We have an Erytra and one manual station for back-up.  It’s rarely used since our analyzer is so reliable, but when we use it it works great.  The gel is clearer and easier to read than our previous MTS cards.  Not sure what you mean about the “spinner”...our centrifuge just holds gel cards.  The incubator, however, holds tubes and gel cards.  Perhaps there has been a change since we went live last February?

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6 hours ago, Carrie Easley said:

We have an Erytra and one manual station for back-up.  It’s rarely used since our analyzer is so reliable, but when we use it it works great.  The gel is clearer and easier to read than our previous MTS cards.  Not sure what you mean about the “spinner”...our centrifuge just holds gel cards.  The incubator, however, holds tubes and gel cards.  Perhaps there has been a change since we went live last February?

Hello again,

That was my mistake in reading the literature...I was reading the specs for the DG Therm (incubator) and not the DG Spin centrifuge.  Darn!  It would have been nice.

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  • 1 month later...

We have been using the Erytra for 1 1/2 years now.  There were some kinks that had to be worked out (as with any new instrument) and they quickly implemented changes with version upgrades.  As far as seeing what appears to be agglutination on the Erytra, but which it is calling Negative.....if you click on the gel card and enlarge the picture, you  might think they are ALL positive! :blink:   They seem to show every little cell.....so I recommend you do not enlarge it to that extent.  They also have some reactions which they refer to as hazy but which one might think were positive.  It is in that sense....a little different from Ortho and ProVue and takes some getting used to.  But there are so many advantages and attributes to this automation.  Yes, they made the ProVue.....but this is very different (I do not have experience using the Ortho Vision....just saw it in a Demo and have heard that it too has had some kinks to be worked out).  What I like about the Grifols Erytra is that they are very quick to respond to client ideas/ suggestions/ issues and make changes. :)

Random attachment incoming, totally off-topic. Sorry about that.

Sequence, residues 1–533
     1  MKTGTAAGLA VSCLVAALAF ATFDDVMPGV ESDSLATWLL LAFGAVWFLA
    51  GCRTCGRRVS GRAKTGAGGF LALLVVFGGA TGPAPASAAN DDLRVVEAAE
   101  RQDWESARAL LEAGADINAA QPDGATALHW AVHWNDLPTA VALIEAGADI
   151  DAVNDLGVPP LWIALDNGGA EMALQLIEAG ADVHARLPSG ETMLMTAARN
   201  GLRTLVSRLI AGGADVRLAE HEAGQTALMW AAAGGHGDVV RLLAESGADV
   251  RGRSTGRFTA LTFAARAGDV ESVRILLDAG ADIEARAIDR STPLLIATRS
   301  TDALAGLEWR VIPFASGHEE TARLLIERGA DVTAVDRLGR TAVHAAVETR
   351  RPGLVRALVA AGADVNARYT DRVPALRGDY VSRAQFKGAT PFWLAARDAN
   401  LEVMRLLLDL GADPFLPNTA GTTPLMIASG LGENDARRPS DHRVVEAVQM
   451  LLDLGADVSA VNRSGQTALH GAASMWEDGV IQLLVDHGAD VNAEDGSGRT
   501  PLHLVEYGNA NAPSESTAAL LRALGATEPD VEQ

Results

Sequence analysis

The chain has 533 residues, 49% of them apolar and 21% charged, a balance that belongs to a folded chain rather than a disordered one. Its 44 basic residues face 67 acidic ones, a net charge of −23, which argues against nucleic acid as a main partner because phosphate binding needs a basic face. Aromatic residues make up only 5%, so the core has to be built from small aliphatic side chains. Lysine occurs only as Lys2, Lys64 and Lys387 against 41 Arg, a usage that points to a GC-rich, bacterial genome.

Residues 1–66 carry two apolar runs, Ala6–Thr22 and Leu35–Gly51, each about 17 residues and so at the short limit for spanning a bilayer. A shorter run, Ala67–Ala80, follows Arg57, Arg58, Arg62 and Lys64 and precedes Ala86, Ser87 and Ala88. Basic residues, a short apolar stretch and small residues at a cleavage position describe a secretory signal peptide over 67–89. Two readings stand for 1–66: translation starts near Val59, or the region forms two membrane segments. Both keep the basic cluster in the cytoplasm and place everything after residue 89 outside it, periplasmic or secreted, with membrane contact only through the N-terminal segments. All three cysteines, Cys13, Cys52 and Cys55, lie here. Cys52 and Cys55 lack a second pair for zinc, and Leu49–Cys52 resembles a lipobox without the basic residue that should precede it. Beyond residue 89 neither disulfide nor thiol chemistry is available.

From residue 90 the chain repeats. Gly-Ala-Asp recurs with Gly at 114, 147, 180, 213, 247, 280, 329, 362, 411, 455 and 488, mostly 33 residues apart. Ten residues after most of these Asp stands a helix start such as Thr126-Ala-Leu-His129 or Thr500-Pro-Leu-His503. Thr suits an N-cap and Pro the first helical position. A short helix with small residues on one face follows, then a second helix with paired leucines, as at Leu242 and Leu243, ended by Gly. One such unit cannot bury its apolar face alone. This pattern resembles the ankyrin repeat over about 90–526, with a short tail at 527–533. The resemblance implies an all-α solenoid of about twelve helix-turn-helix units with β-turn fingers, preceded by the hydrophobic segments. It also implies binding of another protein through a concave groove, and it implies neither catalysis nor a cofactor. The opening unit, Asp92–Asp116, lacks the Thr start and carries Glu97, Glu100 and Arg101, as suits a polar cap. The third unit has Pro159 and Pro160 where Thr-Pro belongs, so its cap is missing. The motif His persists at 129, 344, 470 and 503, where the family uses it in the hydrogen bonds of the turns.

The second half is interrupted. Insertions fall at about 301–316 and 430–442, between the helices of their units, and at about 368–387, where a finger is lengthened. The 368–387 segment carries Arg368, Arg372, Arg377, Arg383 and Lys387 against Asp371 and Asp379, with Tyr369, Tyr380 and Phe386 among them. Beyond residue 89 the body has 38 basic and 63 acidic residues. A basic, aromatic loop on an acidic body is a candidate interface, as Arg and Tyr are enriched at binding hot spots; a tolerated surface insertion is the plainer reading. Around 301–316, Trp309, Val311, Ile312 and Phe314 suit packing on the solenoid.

Brenda Hutson, MT(ASCP)SBB